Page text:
Why You Should Never Invest in a Crowdfunded Startup

By Wilton Risenhoover, CrowdFundBeat Guest Contributor,EIR @ Idealab, Investment Committee @ UCLA Venture Capital Fund  @risenhoover

On October 23, 2013, the SEC published its proposed rules (“Regulation CF” aka “Crowdfunding Regulations”) that will allow the general public to invest in privately-held companies for the first time in over 80 years. Considering there is significantly more wealth held by the general public than the professional venture capital funds, this change has the potential to transform the early stage financing environment.

However, there are significant risks in these types of investments that many people might not recognize. Let’s not forget that the SEC restricted the public from these types of investments in 1933 in part due to the losses sustained from the stock market crash of 1929. Granted, modern individuals have access to significantly more information about potential investments than our grandparents would have had, but that does not make these investments any less risky.


Smart entrepreneurs know that personal relationships with influential people are a key to growing successful companies, and the best way to get influential people incentivized to help is to get them to invest. The general partners of venture capital firms have deep relationships that can be leveraged to help an entrepreneur. In fact, many of the early reference customers of startups are other portfolio companies of their investors. “Value added capital” or “smart money” are terms used to describe investors that bring more than just money to the table, and entrepreneurs are wise to seek out these sources of funding first.

The net effect of this is that the smartest money gets the best deals, and the lower quality (“riskier”) deals filter down to poorer quality capital partners. The poorest deals don’t get funded, for good reason. With Regulation CF, all the companies that could not raise capital from smart money will get a new opportunity to raise capital from the general public. The term “adverse selection” was originally used to describe the positive correlation of risky individuals with their propensity to buy insurance. Risky individuals buy more insurance, so if insurance companies only look at their pool of applicants to establish their risk models, a poor outcome results. Likewise, if a group of investors only see a pool of crappy deals, they will think the best of them is a gold mine.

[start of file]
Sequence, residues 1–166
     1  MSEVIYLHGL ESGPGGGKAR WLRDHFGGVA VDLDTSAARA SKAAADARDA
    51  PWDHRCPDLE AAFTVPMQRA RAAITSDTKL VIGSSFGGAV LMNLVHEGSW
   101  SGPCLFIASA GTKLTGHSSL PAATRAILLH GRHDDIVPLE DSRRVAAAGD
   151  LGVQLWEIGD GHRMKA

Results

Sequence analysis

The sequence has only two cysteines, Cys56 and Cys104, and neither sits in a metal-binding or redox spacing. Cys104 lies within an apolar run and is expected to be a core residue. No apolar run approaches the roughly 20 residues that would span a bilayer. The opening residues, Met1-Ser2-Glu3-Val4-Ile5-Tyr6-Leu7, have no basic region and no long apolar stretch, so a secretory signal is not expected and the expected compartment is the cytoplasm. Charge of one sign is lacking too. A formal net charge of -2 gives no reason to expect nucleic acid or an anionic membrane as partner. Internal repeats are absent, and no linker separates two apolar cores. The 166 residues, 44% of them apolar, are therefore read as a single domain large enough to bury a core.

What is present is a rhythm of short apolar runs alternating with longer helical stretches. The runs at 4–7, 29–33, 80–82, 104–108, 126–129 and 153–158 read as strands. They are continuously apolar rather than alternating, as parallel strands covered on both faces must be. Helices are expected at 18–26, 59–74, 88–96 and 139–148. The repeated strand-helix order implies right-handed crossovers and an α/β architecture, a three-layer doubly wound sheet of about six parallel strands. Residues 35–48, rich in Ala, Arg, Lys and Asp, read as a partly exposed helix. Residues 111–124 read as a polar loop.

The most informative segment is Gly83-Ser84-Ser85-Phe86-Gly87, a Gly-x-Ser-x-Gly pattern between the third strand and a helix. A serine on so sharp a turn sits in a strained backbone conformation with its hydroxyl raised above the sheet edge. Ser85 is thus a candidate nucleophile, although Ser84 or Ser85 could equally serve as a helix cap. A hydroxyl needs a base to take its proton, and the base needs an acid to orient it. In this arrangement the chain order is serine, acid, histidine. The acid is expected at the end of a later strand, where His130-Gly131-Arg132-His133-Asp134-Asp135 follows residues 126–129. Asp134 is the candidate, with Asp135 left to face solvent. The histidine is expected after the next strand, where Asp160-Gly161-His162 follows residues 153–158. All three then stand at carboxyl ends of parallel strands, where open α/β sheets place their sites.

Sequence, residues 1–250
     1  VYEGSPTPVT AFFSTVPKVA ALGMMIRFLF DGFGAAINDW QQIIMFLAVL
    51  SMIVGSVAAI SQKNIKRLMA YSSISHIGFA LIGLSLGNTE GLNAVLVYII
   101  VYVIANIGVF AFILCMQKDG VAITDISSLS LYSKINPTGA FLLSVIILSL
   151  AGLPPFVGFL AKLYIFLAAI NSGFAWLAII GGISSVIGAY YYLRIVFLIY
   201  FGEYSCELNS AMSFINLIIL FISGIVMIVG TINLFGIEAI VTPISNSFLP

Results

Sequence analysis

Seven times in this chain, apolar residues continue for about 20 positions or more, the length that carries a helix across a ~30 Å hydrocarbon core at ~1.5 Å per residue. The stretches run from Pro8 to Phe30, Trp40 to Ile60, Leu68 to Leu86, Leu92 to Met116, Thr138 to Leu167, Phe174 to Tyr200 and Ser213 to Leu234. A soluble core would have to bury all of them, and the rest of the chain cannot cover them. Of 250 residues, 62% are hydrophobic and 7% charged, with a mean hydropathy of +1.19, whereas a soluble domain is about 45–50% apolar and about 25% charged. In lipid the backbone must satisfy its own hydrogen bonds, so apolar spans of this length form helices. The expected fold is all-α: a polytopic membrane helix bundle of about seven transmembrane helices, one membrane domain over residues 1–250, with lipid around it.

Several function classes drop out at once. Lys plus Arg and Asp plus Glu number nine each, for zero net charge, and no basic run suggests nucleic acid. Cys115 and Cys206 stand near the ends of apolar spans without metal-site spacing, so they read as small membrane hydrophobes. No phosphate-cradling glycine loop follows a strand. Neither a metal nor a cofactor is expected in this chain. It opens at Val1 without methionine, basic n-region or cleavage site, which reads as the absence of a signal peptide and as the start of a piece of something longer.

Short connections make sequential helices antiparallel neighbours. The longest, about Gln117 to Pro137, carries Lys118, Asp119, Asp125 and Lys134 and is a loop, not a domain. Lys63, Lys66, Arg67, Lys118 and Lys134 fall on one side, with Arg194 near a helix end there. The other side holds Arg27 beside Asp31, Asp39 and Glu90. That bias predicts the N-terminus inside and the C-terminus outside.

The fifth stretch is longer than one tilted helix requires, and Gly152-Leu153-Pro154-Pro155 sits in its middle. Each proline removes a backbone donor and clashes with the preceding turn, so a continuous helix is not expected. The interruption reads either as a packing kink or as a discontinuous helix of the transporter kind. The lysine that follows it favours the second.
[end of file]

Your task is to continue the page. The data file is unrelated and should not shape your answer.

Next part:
“You don’t have a better bad idea than this? “This is the best bad idea we have, sir. By far.” – Argo

This explains why even professional investors exhibit herd behavior when doing deals. Entrepreneurs seeking funding are constantly asked who their lead investor is, because the quality of their lead investor is perceived to be correlated to the quality of the deal. This is not to say that all crowdfunding deals are inherently bad deals, but the $1M cap on funding rounds makes them particularly risky. Had the SEC capped the deals at $5M, crowdfunding would be a viable source for later funding rounds. Companies raising second or third rounds tend to be less risky. Entrepreneurs would have the option of raising the majority of their rounds from smart money while carving out a piece for the general public, reducing the problems of adverse selection.

This is not to say that all crowdfunding investments are necessarily bad. VC firms invest in companies that they believe will return 10x or more on their investment and these have traditionally been high-growth tech companies. These firms completely ignore certain industries because of the lower expected returns of the deals. The new crowdfunding rules could open up financing for these kinds of businesses. There are probably a lot of individuals that would be happy with returns of only 2x or 3x.